Today marks my 90th day with Trinity. I thought I’d look back on the past few months and share my experience working with a woman-owned business and an almost all-woman team, apart from our General Manager, Nils (whom we love dearly for the positivity he brings to the team, unique male perspective, and weekly Dad jokes).
Working at Trinity was not at all what I expected – in a good way. It seems ages ago when Cassandra and Kristine sat down with me to chat about the role at a quaint café in Dunsandel.
It was one of the most unconventional interviews I’ve been on. Instead of asking the standard, run-of-the-mill questions like, “why should we hire you?” or “what are your strengths and weaknesses?” we discussed my family and why I loved watching Korean dramas. I can’t remember what else we talked about; I just know that there were lots of laughter involved in between serious conversations.
Little did I know that I was being assessed on how I would fit within the team. Luckily, Cassandra and Kristine seemed to think I’d be a good addition because I got a call the very next day about my job offer.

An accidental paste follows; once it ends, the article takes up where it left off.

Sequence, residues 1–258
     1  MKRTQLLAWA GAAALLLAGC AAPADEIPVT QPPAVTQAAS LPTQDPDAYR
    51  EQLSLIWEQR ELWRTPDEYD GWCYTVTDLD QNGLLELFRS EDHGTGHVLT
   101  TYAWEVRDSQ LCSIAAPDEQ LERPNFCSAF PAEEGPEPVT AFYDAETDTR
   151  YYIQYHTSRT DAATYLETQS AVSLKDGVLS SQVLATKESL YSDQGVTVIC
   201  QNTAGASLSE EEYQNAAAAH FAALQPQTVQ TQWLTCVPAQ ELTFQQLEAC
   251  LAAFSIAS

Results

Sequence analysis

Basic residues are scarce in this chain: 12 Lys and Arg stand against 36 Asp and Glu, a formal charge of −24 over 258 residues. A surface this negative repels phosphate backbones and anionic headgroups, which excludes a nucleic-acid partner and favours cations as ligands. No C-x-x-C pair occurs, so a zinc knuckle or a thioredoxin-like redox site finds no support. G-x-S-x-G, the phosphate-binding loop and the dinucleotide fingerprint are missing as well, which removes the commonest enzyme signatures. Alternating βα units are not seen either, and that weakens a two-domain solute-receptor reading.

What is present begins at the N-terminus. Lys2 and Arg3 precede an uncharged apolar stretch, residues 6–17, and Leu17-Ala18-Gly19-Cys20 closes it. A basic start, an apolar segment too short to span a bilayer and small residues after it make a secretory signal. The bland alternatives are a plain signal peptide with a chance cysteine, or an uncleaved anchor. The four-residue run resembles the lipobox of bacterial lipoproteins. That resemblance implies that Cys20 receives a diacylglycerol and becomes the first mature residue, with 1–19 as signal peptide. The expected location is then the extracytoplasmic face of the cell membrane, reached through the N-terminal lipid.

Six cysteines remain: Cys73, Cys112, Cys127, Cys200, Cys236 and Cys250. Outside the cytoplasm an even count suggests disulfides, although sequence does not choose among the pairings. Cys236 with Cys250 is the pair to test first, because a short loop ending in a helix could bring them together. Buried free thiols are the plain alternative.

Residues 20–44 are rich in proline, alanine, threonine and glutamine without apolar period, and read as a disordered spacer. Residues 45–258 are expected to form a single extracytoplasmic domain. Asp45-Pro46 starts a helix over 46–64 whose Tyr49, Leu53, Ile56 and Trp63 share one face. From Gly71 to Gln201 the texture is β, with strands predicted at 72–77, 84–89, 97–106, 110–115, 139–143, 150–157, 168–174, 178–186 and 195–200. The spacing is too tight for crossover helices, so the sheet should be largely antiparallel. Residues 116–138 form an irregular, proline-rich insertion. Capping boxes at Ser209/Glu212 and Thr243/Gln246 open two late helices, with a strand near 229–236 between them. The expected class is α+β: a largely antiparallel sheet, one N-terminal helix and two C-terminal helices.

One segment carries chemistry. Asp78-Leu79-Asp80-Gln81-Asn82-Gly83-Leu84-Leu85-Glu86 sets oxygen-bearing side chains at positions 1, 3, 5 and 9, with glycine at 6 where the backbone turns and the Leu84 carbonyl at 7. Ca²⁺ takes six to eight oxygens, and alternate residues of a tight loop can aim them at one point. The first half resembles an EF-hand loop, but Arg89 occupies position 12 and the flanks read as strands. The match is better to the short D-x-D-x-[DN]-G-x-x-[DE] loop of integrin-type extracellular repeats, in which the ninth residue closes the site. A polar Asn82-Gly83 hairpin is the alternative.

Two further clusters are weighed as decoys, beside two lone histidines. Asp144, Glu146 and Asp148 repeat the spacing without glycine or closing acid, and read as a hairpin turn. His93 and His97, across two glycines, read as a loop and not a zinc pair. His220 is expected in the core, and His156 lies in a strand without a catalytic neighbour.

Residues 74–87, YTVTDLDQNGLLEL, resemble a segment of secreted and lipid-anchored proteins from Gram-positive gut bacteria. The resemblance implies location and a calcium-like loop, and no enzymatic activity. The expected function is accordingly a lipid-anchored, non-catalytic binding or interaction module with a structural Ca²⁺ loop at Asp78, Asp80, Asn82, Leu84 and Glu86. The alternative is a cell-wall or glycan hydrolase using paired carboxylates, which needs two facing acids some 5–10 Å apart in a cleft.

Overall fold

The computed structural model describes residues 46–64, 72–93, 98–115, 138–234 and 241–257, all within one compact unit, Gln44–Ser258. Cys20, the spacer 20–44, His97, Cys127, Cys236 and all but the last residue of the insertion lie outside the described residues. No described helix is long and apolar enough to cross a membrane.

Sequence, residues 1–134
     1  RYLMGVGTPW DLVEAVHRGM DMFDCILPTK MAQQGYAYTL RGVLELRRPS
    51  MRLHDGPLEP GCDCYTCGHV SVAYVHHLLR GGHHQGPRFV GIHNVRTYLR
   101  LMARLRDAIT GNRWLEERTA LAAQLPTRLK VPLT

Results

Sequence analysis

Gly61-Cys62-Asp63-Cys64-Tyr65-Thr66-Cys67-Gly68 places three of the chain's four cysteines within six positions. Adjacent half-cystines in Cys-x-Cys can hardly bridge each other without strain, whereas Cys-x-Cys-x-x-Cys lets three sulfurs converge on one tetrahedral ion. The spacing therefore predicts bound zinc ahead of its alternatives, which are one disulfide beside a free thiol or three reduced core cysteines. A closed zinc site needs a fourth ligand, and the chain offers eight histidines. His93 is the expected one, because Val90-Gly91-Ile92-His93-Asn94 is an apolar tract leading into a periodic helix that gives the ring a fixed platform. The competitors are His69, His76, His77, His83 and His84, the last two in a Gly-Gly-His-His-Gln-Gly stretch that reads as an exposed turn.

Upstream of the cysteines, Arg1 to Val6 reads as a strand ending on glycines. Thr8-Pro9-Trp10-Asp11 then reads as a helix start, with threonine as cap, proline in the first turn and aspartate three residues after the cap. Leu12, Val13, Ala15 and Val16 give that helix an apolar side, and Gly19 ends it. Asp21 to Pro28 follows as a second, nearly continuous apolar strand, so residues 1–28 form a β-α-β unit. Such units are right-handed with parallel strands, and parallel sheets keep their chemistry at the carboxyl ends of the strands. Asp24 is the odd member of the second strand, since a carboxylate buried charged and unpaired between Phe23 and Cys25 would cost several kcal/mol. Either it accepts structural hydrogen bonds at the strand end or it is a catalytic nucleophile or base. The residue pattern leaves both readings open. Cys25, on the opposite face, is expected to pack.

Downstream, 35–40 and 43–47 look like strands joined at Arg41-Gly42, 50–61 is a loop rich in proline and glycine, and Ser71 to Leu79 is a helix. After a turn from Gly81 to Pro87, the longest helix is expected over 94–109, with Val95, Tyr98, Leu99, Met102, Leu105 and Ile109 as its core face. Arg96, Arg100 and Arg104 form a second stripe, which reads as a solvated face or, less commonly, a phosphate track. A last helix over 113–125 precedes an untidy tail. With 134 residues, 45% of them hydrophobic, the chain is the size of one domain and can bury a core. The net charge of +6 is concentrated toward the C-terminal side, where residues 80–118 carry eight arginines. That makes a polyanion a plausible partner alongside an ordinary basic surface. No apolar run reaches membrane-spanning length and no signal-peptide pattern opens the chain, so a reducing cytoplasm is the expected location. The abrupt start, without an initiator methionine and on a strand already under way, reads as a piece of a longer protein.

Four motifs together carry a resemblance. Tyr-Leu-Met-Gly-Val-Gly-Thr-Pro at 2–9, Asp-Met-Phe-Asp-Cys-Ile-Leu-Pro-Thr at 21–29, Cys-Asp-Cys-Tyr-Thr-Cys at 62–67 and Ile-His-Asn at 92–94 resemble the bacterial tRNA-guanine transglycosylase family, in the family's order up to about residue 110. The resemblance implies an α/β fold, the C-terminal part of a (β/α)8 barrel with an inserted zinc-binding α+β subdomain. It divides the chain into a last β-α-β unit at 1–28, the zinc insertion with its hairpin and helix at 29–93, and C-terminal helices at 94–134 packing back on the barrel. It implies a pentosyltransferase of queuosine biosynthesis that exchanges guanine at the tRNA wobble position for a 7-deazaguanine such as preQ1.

If that interview was an indication of how life at Trinity was going to be, I knew that I wanted to be part of the team. Cassandra radiated kindness and authenticity from the get-go, and that translates into how she runs her business.
Surprisingly, it works. In an industry where people can be reduced to numbers, I’ve learned that there’s a better, kinder way to do things AND still be successful. In fact, it’s what makes Trinity stand out.
If you ask me what’s it like to work at Trinity, I guess I’d have to say it’s been an incredibly rewarding experience. I’m given the autonomy and the flexibility to work at my own pace, at my own hours, in the comfort of my own home while having access to our office in Dunsandel or Timaru when I’m in need of adult conversation. For an introvert, this is the perfect set up and gives me the best of both worlds.
Being the immigration administrator has given me the opportunity to make a difference in other people’s lives. The borders might be closed now, which limits our capacity to help people find jobs in New Zealand, but I can’t wait to see what the future has in store.